Friday, January 15, 2010

Signs of Fragmentation and Cracks

Almost 97% of the population in Pakistan follows the religion of Islam and has been doing so peacefully since creation of Pakistan. Despite there being two major sects, and many derivatives thereof, there have been an aura of fraternity, love, unity and brotherhood that had existed since my childhood. No sect or its faction ever displayed publicly which sect or faction they belonged to. Everyone was dressed alike and despite differences, which even exist in Christianity and other religions, everyone minded his own business. That’s how we lived for many decades since our independence.

And everyday, we also became more intelligent (or so I thought), more read, literate and aware of our surroundings. But this added learning instead of uniting us more tightly, has done something the other way. It has developed fragments, cracks, doubts and if not hate, distance from others. We are more intolerant today than we never were before. Now the intolerance is visible “VISIBLY” in the form of various dresses and headgears we don. Now one can find turbans, caps and headgears of different colours all over, straightaway indicating which sect or the faction the person belongs to. Walk into a mosque of a particular coloured-headgear, to offer prayers, and you would instantly feel isolated for being “different.”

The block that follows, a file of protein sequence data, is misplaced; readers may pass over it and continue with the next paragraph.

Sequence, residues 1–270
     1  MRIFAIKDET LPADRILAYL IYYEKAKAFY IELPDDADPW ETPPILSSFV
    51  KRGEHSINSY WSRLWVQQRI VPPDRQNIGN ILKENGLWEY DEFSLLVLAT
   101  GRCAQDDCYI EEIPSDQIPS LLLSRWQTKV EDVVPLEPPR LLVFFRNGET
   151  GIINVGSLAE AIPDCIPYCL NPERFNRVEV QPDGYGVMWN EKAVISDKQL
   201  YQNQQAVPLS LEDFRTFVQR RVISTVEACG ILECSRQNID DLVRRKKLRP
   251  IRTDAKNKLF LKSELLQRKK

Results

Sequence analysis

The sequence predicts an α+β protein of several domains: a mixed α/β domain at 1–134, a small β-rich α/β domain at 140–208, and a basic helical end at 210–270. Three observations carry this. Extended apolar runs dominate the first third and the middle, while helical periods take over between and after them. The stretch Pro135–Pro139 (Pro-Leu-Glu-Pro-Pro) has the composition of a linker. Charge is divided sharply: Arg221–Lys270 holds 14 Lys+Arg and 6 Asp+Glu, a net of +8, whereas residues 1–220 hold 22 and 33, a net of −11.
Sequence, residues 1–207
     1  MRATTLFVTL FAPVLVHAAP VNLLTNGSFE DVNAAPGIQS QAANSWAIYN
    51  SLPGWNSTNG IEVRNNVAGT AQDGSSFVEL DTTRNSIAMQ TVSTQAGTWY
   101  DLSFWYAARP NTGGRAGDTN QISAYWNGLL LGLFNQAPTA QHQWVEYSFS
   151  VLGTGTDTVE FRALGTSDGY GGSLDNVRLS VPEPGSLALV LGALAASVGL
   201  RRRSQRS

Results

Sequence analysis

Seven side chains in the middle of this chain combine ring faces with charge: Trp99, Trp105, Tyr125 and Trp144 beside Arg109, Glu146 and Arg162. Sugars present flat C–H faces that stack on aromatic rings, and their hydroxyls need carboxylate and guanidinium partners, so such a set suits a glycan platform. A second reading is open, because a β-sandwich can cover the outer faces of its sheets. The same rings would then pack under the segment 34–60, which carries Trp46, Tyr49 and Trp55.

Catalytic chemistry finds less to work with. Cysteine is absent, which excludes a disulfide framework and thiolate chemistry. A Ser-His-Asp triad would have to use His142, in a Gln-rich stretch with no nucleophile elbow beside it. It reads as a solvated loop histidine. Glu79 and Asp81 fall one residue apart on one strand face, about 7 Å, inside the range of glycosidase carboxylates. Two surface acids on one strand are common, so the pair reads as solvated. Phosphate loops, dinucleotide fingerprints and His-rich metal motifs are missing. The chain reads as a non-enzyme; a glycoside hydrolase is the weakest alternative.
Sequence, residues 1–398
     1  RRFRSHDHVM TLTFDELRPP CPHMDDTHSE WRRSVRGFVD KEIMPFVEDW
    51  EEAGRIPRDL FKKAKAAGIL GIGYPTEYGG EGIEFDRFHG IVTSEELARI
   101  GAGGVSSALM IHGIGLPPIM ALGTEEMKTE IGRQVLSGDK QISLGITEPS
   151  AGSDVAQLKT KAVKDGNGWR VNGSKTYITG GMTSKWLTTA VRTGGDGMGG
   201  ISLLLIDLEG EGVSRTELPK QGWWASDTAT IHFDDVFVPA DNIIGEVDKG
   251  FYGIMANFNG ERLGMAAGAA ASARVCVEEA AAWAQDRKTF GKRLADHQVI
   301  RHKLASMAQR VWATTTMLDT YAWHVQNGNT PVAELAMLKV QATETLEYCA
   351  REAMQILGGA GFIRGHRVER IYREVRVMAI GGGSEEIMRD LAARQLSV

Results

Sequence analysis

This is fragmentation of a religion that propagates fraternity and brotherhood. Have we been derailed somewhere in between? Have our scholars and Ulema failed to see this and haven’t done anything to curb the tendency? Or have we become so rigid in our own way that we do not want to follow the other visibly or publicly?

I think times like this demand a very rationale thinking on the part of our scholars and religious men to “defragment” the fragmented lot. We need to display unity and religious fraternity not by mouth but also the way we look. Let the colours of our headgears be the same so as not to show difference of opinion which are hardly of any consequence. Interpretations could be different but not in a manner that show dissent. Victor Hugo once said, "Toleration is the best religion" - and how so wisely said.

I am not religious but follow the basics which are good enough to follow a middle path without causing any harm or injury to a person of another sect or faction. Which is required for inter-factional harmony and bondage. We need to understand the basic tenants of the religion and should not cause harm to it by bolster on those things that are petty and do not count much. No??


Asghar Javed said...

Let us try to defregment.

Jalal HB said...

I have by writing this blog - let us go on hands in glove..